Mickey Rourke’s character in “The Wrestler” blamed it on Kurt Cobain. In actuality, Nirvana is usually given credit for dethroning Michael Jackson (the infamous 1991 toppling of Dangerous from the top of the charts by Nevermind) and L.A. hair metal bands like Poison from their lofty but irrelevant perches. And even Michael Jackson is debatable as he more or less put the cherry on the sundae of his “Wacko Jacko” rep with all that King Of Pop nonsense.
But what of those other blazing Eighties lights like Huey Lewis and the News? (Just kidding). Like Prince, Metallica, R.E.M., and Guns ‘N’ Roses? These guys were supposed to be carrying the creative torch passed on from the Beatles, James Brown, Led Zeppelin, the Velvet Underground, and numerous other Sixties and Seventies titans of popular music, They were supposed to make their own indelible marks and then, if not still producing groundbreaking music, proceed to age gracefully for the rest of the millenium. It’s what so many of we devoted music fans expected. So what happened?
Let’s start off with the easiest of these legendary acts: Guns ‘N’ Roses. They debuted with an album of exceptional power, wit, and (in the case of “Sweet Child O’ Mine”) tenderness. And these fuckers could PLAY. Slash and Izzy Stradlin still stand and as one of the tightest rhythm/lead guitar duos in rock history — up there with Richards and Woods or Jonny Greenwood and Ed O’Brien of Radiohead — and Steven Adler was the most kinetic drummer the band would ever see. Axl Rose was, of course, the archetypical rock frontman. In the tradition of Jagger and Morrison, he was both macho and feminine-sassy in equal measure. He bitched way too much to be called the strong, silent type, but boy, how wailingly well could he bitch in front of all that righteous rock and roll noise. What happened?
Axl. It was almost like watching some cliche in some movie about the lead singer thinking that HE and he alone was the reason for his band’s success and needed none of their (formidable) talents to sustain the magic they had all created together. Okay, so you can fill in the rest here. If you bought “Chinese Democracy” though, you obviously don’t get it and need to club yourself in the temple with a clawhammer a few times.
On to Prince. You gotta love Prince. His “I don’t give a shit who I freak out or offend” stance from the beginning of his career endeared him to more than a few; but to be able to back this up with Stevie Wonder-like virtuousity and Marvin Gaye-style sexual provocativeness? You gotta love Prince. He dug and absorbed Smokey Robinson as much as he did Hendrix, Santana, and Led Zeppelin. And — rightfully so — saw no contradictions or problems with mixing it all up. The quality of results varied, but let’s be honest, the Beatles’ experiments achieved about the same degree of consistency — the main difference being, well, they were the Beatles and he was some black kid from Minnesota. Purple Rain shot him into the stratosphere with its mix of funk, heavy guitar and go-for-broke strangeness. He barely took a breath between albums throughout the entire decade, but his next real milestone was undoubtedly “Sign O’ The Times”. And then, wait…. What happened?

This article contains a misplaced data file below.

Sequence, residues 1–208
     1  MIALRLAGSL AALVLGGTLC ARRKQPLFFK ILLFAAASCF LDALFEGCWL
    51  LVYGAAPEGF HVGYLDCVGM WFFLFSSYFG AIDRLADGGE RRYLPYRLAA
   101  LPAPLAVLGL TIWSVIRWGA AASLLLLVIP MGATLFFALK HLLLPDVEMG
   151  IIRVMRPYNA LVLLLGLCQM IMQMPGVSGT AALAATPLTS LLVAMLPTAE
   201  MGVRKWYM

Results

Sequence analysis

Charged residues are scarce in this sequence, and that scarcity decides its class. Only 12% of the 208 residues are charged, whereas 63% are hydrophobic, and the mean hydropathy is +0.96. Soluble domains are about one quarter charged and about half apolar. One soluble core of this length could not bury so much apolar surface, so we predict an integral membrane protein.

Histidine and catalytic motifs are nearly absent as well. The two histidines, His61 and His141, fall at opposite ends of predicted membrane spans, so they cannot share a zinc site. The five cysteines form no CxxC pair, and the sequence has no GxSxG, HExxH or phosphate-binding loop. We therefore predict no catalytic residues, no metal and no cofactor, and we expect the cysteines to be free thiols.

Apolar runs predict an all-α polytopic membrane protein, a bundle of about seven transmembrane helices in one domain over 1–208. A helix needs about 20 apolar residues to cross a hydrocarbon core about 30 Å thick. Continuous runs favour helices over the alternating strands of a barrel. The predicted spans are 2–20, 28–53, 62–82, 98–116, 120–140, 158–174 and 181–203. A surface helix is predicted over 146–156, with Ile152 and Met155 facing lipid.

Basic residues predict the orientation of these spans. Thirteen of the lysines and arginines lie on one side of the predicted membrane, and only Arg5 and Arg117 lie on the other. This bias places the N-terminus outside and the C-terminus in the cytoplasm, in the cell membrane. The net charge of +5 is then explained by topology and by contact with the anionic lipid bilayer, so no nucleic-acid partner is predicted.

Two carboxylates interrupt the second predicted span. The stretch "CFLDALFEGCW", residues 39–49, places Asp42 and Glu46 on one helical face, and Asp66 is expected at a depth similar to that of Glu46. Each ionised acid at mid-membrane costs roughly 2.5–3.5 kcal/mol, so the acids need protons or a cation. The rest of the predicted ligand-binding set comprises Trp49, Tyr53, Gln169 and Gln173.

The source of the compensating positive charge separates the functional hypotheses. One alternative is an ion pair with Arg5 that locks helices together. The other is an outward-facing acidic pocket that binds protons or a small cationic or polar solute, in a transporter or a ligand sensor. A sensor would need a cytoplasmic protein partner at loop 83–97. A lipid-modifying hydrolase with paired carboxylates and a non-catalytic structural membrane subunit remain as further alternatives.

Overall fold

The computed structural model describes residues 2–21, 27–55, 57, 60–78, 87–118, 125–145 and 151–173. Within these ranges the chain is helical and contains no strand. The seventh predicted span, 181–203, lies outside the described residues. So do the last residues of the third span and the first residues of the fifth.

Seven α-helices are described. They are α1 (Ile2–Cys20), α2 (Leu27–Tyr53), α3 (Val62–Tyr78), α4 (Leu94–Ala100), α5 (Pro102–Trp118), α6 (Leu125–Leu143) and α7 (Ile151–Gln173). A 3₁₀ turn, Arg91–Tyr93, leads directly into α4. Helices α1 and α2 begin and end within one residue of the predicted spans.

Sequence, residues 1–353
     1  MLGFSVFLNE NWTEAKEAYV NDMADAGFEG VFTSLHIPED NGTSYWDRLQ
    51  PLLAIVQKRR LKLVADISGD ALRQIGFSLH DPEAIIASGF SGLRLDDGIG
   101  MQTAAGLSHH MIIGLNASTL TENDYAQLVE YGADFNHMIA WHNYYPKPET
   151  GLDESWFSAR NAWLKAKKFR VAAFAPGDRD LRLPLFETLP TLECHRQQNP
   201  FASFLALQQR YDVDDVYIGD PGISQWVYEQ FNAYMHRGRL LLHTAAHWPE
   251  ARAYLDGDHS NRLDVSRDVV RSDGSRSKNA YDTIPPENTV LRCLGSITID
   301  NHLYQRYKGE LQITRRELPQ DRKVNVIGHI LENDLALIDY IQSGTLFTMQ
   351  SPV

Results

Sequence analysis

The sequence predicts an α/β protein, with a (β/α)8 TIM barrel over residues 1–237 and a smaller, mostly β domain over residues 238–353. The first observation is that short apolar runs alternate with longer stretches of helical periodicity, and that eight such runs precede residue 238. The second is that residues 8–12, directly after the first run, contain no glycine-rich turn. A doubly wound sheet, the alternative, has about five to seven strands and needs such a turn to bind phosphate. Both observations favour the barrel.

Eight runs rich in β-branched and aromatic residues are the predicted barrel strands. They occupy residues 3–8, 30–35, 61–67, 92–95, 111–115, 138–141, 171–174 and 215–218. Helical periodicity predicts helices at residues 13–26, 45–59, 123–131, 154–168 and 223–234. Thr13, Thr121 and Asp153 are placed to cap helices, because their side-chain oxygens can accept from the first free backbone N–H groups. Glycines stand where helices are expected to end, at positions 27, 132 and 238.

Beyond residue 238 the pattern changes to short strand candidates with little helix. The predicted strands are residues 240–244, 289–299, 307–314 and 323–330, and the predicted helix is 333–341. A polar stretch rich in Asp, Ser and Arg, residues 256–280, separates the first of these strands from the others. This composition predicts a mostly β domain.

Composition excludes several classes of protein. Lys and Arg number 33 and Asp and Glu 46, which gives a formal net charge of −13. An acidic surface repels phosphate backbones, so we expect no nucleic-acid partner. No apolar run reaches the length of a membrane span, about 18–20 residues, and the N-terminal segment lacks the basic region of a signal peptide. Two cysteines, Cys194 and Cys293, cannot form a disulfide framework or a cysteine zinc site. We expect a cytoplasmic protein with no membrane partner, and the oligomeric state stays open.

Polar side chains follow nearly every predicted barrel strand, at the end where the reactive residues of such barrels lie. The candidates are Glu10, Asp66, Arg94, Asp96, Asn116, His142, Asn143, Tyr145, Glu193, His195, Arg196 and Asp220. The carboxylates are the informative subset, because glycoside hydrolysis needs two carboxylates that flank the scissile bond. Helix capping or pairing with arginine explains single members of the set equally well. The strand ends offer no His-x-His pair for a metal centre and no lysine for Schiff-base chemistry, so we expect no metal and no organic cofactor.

When Dylan found Christ and decided to become a disciple it was, thankfully, just one of many phases with him. When Prince stopped flirting with God between lusty, sometimes sleazy dalliances and finally succumbed to his inner holy roller it was a career calamity. Who wants a Prince who’s not naughty? Part of his initial message and vision, after all, was sexual liberation. With him taboo was no longer taboo but fun. And all the Tipper Gores in the country could go pleasure themselves with a rolled-up printout of the lyrics to “Darling Nikki” if they were too uptight about it. He was our holy pervert. Nobody really thought he was suggesting something unnatural when he sang of wanting to transcend gender roles in “If I Was Your Girlfriend”. Nobody who shared his twisted sense of humor anyway. Prince never lost his chops (witness his Grammy and Superbowl performances, or his solo on “While My Guitar Gently Weeps” at the George Harrison tribute). Chops are great, sure. Eddie Van Halen had monster chops. What he didn’t have and Prince once did have, however, was an interesting vision.
Metallica. Not a very imaginative or impressive name, but, in the beginning, a very impressive band. Forget “impressive”, impressions are dents, these metal innovators were trying to plow THROUGH you. They were young and hungry and pissed that the world wasn’t built for young, hungry, pissed young men. I was about to say young “people”, but let’s not kid ourselves here. From the beginning, Metallica was a band for and about the testosterone crowd. Murderous bikers and confused stoners alike could relate to their intricate, hyper-speed, oddly eloquent, whiplash-choreographed bash fests. But in the end what made Metallica METALLICA was the Mars factor. In astrology, Mars is the planet of war, conquest, blood, fury, and an unmitigated, violent surge to a release. Any release. The intellect is gone, so become an amimal. Sounds silly on the surface to some of us more sensitive types, but hey, pull your panties up and go home if you can’t thrash with the best hard rock band of the Nineties. (Notice I did not say metal, ’cause what is the difference?) James Hetfield didn’t have a lot of range in his rants (vocally or thematically), but at least they were consistent. They spurned making videos for MTV (until “One” anyway) and still sold millions of records despite this. They championed the rock-n-roll principle of DIY like the punks. Yeah, they were punk without the politics or quirks. They had tons of fans who adored them. So what happened in this particular case?